This Europe: Greek myths theme park hits legal buffers

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The Independent Online

Controversial plans for a mythology theme park on the outskirts of Athens could be ruled out on a technicality, after a Greek high court decision.

Controversial plans for a mythology theme park on the outskirts of Athens could be ruled out on a technicality, after a Greek high court decision.

The €200m Mythos Park development is intended to give Greek mythology the Disney treatment, with hi-tech Hercules adventure rides and Poseidon water features. The government has ignored opposition from residents, artists and environmentalists, but could now fall victim to its own slow progress.

The land on which developers want to build was appropriated by the national tourism organisation in 1971. But the developers took three decades to announce what they intended to do with it. A preliminary ruling from the council of state last week said the delay constituted a breach of the compulsory purchase order and could lead to the land being returned to a collective of the original owners.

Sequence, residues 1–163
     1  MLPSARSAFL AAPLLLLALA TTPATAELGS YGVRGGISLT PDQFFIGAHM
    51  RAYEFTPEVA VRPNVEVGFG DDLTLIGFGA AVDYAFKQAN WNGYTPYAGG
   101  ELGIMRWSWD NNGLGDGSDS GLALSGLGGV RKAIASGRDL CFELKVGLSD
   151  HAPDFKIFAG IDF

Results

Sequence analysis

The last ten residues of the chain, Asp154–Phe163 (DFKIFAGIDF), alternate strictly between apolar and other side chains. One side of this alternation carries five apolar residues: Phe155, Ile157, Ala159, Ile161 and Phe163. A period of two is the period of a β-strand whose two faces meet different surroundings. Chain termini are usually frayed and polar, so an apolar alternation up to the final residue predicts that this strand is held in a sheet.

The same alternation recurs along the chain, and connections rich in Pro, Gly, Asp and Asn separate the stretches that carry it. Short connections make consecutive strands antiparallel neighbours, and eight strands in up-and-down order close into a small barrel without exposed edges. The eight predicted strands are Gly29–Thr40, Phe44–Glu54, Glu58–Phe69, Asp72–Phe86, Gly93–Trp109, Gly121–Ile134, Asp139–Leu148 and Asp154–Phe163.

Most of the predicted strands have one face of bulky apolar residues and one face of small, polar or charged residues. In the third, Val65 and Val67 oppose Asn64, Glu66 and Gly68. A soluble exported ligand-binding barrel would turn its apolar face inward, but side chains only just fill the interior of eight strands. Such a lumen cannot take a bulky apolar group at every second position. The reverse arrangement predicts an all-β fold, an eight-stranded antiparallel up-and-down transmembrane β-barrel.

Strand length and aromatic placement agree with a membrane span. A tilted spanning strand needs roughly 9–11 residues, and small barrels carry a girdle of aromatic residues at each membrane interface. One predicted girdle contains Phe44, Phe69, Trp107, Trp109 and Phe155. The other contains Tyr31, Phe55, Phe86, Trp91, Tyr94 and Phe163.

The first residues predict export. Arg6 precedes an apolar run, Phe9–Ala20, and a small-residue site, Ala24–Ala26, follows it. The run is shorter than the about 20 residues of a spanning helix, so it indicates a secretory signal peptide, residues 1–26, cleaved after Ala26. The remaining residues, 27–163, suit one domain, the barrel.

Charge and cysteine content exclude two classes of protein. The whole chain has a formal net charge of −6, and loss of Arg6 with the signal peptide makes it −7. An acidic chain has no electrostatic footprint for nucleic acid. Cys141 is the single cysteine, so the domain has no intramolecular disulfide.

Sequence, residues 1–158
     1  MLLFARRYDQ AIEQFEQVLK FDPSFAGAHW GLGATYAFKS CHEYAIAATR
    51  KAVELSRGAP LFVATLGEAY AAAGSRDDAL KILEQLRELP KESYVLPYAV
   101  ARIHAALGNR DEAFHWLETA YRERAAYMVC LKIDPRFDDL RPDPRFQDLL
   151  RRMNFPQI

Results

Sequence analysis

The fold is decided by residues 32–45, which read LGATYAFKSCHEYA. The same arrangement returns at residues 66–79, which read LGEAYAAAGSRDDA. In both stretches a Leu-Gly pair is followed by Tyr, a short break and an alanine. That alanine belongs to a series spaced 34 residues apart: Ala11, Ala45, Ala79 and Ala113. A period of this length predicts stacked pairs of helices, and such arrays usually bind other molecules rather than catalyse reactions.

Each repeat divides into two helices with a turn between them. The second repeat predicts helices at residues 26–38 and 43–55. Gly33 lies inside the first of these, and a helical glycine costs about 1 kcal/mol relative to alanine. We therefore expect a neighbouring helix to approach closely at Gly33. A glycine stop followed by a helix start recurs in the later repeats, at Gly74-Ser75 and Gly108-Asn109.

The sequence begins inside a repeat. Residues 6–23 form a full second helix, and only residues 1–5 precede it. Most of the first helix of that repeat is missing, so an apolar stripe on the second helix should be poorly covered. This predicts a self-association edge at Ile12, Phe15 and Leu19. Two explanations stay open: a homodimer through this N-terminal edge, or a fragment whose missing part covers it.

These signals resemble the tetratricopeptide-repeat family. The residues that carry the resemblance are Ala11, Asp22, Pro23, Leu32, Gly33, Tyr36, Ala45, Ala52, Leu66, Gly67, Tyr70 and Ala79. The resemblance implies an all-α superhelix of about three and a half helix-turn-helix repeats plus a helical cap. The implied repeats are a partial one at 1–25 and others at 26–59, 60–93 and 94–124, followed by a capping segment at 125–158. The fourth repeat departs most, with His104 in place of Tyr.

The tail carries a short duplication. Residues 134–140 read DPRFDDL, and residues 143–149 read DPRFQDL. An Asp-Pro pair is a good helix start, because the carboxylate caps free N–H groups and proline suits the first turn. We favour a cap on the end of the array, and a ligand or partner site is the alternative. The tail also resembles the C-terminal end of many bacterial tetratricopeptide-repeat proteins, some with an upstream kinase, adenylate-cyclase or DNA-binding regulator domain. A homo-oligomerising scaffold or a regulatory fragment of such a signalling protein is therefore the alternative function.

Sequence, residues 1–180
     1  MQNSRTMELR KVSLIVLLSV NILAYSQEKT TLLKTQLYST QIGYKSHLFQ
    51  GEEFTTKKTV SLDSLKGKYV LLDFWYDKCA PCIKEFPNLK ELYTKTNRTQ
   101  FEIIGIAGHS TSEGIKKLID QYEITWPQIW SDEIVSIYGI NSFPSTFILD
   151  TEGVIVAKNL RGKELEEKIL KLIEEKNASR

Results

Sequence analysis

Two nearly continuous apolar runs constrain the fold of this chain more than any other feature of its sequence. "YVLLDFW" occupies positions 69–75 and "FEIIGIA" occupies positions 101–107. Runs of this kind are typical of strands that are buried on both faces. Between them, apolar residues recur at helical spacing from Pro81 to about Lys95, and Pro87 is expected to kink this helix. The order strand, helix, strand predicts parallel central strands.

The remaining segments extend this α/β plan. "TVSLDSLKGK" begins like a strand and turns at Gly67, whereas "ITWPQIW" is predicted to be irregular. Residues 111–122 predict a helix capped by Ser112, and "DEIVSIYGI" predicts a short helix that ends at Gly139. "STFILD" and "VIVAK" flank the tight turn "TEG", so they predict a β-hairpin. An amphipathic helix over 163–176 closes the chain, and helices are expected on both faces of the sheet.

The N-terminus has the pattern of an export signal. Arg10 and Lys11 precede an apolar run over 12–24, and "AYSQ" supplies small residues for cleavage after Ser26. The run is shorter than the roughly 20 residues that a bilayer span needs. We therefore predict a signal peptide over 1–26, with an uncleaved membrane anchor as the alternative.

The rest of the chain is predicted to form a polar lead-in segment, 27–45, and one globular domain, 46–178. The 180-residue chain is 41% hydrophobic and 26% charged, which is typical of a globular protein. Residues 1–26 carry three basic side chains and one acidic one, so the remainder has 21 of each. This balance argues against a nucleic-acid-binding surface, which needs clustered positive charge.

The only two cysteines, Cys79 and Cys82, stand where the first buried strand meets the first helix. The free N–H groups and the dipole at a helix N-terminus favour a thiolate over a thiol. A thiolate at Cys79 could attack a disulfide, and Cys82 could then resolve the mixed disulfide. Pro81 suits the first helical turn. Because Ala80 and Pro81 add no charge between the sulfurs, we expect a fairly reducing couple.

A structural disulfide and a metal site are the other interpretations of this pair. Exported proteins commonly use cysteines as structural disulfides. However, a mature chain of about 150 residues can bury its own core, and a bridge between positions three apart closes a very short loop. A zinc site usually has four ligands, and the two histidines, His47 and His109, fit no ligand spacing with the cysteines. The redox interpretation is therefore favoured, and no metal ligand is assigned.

The move was welcomed by critics who have attacked artists' impressions of the park prepared by the British consultants Scott Brownrigg and Turner as "Las Vegas kitsch". The drawings show enormous statues of Greek gods doing battle with monsters while tourists in rollercoaster cars weave between the prongs of a giant trident in "a world of visionary scientists and philosophers".

Supporters of the park, such as the Greek-Cypriot architect Xanthos Menelaou, insist the development will boost the tourist industry. "They know archaeological places don't attract tourists. If you want a financially healthy industry, you have to give tourists what they want."

Critics are joined by local residents, who fear the impact of the 400-acre development on one of the few stretches of wild coastline left in Attica. A final decision is expected next month.

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